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Flames Coming Out of Ejection Port

Discussion in 'Rifle Country' started by Auburn1992, May 25, 2008.

  1. Auburn1992

    Auburn1992 Well-Known Member

    Yesterday I went shooting up at my new property. I decided to only bring my Walther G22 so I wouldn't disturb the neighbors.

    Anyways, I bought a brick of Winchester Super X .22 ammo (500 ct.) at Walmart and began shooting it. About 30-40 rounds in, I noticed sparks coming out of the ejection port and started feeling them on my arms. This went on for about 10 more rounds.

    After this, a flame started to shoot out of the ejection port, not just sparks. I would notice a little orange thing when shooting, and was wondering if it was an extra cartridge ejecting, I then held it a ways out, and noticed it was a flame. It looked like starting a lighter, that type of flame, but it was all orange... Anyone know what happened? Is this common?
  2. taliv

    taliv Moderator

    that's when you know you're having fun.

    i'd get that fixed though
  3. Slamfire

    Slamfire Well-Known Member

    All blowback and gas operated semi automatic weapons open up when there is still residual pressure in the barrel. The designers of the weapon delibrately designed the weapon to work this way, and tested it to make sure the residual pressure is below the burst strength of the case. Typically the pressure is less than 600 psia.

    And why? Helps keeps things moving.

    The ammunition you were using obviously blew unburnt powder particles on you.

    If it bothers you, find a different brand.
  4. Roadkill

    Roadkill Well-Known Member

    Most all semi .22s operate on a recoil system. The primer is struck, the powder explodes, the weight of the bolt with spring tension holds until the pressure builds that kicks bolt to rear and case is ejected. There is no gas system or locking lugs. Sounds to me the recoil is driving the bolt back before all the powder is ignited causing the flash of gas escaping into the ejection port. 90% of semi auto .22s with ftf/fte problems are caused by low powered cartridges that lack the power to operate the system. If you keep on shooting those .22s you have you might end up with some unwanted and badly designed body art.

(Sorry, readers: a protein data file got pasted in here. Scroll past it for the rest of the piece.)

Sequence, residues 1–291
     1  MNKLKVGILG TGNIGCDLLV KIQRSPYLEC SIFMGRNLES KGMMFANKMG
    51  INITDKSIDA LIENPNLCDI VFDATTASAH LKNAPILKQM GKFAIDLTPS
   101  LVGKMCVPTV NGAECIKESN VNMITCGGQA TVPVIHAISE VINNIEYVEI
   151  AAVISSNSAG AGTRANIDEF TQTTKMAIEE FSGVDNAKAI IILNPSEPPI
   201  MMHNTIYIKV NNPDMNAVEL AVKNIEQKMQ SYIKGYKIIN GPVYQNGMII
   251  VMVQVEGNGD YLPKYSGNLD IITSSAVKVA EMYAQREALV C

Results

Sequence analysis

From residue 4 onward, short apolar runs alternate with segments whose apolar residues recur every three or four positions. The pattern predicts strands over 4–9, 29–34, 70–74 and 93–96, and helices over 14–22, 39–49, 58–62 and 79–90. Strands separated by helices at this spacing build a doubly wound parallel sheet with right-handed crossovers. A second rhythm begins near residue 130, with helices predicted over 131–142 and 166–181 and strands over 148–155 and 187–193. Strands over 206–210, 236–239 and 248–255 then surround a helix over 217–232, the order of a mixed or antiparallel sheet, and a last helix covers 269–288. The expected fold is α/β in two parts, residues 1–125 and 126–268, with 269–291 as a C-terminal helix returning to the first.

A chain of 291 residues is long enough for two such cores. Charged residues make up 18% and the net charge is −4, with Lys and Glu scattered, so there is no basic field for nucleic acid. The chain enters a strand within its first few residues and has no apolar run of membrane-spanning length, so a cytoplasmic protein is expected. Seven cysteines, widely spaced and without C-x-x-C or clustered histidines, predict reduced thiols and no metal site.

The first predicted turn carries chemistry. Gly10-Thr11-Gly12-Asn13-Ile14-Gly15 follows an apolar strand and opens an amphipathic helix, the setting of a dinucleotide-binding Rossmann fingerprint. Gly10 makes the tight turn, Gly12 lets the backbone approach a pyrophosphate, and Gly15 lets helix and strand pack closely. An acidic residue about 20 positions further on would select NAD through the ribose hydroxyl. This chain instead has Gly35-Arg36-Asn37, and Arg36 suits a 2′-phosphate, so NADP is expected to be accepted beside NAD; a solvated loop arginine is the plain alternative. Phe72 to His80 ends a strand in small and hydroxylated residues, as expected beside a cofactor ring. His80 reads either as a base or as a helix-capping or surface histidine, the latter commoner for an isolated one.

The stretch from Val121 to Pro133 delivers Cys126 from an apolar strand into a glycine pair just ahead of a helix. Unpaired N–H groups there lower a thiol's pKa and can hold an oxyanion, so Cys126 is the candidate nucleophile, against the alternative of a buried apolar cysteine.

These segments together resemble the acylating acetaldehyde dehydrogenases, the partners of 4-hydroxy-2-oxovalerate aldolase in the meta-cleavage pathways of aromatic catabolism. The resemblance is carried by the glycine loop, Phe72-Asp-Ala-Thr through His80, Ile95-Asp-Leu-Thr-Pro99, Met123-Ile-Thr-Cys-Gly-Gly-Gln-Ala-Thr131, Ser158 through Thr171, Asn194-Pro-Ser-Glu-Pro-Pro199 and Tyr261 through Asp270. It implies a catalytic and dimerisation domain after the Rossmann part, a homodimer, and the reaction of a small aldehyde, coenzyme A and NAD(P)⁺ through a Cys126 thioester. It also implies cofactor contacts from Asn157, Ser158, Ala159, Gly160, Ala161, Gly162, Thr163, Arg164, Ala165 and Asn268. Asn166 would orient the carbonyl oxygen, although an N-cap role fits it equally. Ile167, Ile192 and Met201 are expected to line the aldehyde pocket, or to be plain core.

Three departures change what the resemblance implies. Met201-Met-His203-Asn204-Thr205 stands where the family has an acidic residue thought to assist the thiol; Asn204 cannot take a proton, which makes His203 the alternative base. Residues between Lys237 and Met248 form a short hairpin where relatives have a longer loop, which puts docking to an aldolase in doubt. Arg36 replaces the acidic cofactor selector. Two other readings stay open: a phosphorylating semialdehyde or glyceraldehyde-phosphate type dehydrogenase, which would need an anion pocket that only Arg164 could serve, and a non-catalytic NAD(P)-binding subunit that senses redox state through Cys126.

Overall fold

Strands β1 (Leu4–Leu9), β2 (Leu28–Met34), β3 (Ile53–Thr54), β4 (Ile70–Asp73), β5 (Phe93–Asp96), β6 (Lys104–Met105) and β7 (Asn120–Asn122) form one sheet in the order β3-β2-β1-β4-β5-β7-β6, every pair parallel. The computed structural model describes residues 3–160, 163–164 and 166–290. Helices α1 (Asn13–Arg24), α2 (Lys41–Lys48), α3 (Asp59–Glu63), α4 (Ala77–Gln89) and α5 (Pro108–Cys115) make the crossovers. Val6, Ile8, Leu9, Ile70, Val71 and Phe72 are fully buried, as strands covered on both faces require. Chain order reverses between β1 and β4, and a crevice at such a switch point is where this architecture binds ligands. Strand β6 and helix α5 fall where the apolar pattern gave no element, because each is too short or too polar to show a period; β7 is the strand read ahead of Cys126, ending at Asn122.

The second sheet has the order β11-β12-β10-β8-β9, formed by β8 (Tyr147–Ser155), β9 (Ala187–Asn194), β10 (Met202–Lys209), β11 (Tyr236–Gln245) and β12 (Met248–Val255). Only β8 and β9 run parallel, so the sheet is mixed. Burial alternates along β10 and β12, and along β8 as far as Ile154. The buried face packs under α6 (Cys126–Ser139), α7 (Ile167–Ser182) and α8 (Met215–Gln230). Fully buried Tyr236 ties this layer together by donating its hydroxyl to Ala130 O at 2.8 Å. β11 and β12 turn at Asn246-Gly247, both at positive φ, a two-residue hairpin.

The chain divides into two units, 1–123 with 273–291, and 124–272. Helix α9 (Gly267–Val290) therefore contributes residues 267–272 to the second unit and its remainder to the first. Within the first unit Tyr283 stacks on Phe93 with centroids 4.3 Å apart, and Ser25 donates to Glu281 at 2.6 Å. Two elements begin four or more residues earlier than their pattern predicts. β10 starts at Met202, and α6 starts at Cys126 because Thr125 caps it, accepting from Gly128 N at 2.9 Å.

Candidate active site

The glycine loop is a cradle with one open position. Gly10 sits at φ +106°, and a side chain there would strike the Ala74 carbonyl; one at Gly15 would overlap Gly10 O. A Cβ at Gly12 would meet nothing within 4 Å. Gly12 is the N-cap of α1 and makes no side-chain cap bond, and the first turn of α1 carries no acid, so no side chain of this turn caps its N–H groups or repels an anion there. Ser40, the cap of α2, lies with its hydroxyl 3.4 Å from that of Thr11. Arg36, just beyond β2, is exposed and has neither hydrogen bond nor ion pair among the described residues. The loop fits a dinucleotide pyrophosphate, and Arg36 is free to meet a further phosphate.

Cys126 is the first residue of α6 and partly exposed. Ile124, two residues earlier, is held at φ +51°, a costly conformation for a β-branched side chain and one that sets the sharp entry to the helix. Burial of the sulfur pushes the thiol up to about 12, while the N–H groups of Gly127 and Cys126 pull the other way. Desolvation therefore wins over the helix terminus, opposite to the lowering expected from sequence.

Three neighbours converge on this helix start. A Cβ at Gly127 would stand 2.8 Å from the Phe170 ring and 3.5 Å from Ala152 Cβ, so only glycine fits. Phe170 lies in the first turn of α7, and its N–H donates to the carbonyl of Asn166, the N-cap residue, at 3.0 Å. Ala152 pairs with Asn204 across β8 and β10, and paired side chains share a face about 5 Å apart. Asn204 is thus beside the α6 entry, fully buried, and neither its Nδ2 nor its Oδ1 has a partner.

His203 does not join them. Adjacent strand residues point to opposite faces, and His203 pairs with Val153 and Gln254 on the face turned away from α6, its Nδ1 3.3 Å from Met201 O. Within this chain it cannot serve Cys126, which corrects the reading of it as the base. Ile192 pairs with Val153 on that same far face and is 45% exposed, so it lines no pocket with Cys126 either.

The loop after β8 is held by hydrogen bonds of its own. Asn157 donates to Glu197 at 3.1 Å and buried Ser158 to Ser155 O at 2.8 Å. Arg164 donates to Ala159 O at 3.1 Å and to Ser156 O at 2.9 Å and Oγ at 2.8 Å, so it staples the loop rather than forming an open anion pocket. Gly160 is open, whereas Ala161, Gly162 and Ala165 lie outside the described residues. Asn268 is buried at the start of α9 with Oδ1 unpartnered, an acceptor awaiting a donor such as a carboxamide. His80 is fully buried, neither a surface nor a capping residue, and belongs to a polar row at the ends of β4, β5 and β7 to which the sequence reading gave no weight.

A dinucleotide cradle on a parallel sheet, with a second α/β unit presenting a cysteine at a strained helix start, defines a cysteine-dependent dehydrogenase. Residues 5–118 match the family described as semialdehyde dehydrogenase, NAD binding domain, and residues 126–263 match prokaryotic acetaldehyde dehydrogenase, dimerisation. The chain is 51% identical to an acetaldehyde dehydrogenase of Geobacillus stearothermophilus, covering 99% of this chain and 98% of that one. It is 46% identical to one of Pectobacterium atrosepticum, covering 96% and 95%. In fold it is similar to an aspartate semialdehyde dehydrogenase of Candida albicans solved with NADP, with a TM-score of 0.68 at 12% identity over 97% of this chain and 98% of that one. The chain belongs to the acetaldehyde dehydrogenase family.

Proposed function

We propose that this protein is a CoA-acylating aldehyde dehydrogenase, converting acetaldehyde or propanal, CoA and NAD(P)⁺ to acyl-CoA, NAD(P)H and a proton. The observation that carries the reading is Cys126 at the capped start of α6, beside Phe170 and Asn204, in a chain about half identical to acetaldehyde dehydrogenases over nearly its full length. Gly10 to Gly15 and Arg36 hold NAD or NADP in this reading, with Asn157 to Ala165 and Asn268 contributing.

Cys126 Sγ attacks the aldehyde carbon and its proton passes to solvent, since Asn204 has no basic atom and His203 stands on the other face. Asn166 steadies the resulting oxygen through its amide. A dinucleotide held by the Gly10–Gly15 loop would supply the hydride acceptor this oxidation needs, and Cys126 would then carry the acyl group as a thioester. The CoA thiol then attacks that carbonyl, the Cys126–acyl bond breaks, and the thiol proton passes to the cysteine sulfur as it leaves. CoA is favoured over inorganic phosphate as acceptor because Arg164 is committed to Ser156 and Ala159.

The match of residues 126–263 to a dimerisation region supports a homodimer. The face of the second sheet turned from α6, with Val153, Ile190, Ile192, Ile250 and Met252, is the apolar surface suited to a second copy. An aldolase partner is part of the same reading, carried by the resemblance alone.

5. Wildfire

    Wildfire Well-Known Member


    Hey There:
    This is just my opinion. I am not up on that gun But, I would say the ammo may be on the hot side. The srping is not strong enough to hold it in the chamber long enough for complete burn. A stiffer spring would. But you may end up with a fine line between being able to eject and not.
    try some cooler ammo. Maybe even some sub-sonic like CCI green tag once and see if it stops. I almost bet it does.
  6. Auburn1992

    Auburn1992 Well-Known Member

  7. Telperion

    Telperion Well-Known Member

    Auburn, the other posters have explained it to you: the G22 has a blowback action and begins to extract rounds even while the powder is still burning. You should try different ammo, or else contact Walther about getting a new action spring.
  8. Auburn1992

    Auburn1992 Well-Known Member

    Could it cause any damage if I don't replace the spring?
  9. RecoilRob

    RecoilRob Well-Known Member

    No damage, but having the ejection port RIGHT under your eye makes it seem worse than it is.
    Mine blows powder and gas back into my eyes....so I always wear the eye protection. Another brand of ammo might not bother you so much. Try them!
  10. Vern Humphrey

    Vern Humphrey Well-Known Member

    A couple of points:

    The powder is burned by the time the bullet is fully engaged in the rifling. Unburned powder grains are not due to fast opening, but simply due to not enough pressure for an ideal burn.

    Residual gas remains in the barrel after firing -- look at a video clip of an M1A2 tank firing. You will see a "worm" of smoke emerge from the muzzle after the shot is fired. This is gas remaining in the barrel, and is being expelled by the bore evacuator. This gas is highly flammable, and could ingite when the breech is opened -- with disasterous results. The flame you are seeing after several shots is residual gas, igniting with contact with oxygen as the case clears the chamber.

    It's quite normal.
  11. taliv

    taliv Moderator

    doesn't happen on my G22 though
  12. Z-Michigan

    Z-Michigan Well-Known Member

    I have a G22 and run similar inexpensive ammo (Remington Thunderjunk or Tarnished Yellow Bullets, Federal bulk from Walmart which is considerably better). I do feel hot dirt hitting my right arm sometimes when shooting. I have never seen any flames coming out with it, and people shooting with me would probably mention that. Is it clean? Any chance the spring is weakened, not installed right, or otherwise off?
  13. Auburn1992

    Auburn1992 Well-Known Member

    Yes it is very clean
  14. GunDoctor

    GunDoctor Well-Known Member

    sounds like a secondary powder flash. You should see the ones on an M60.

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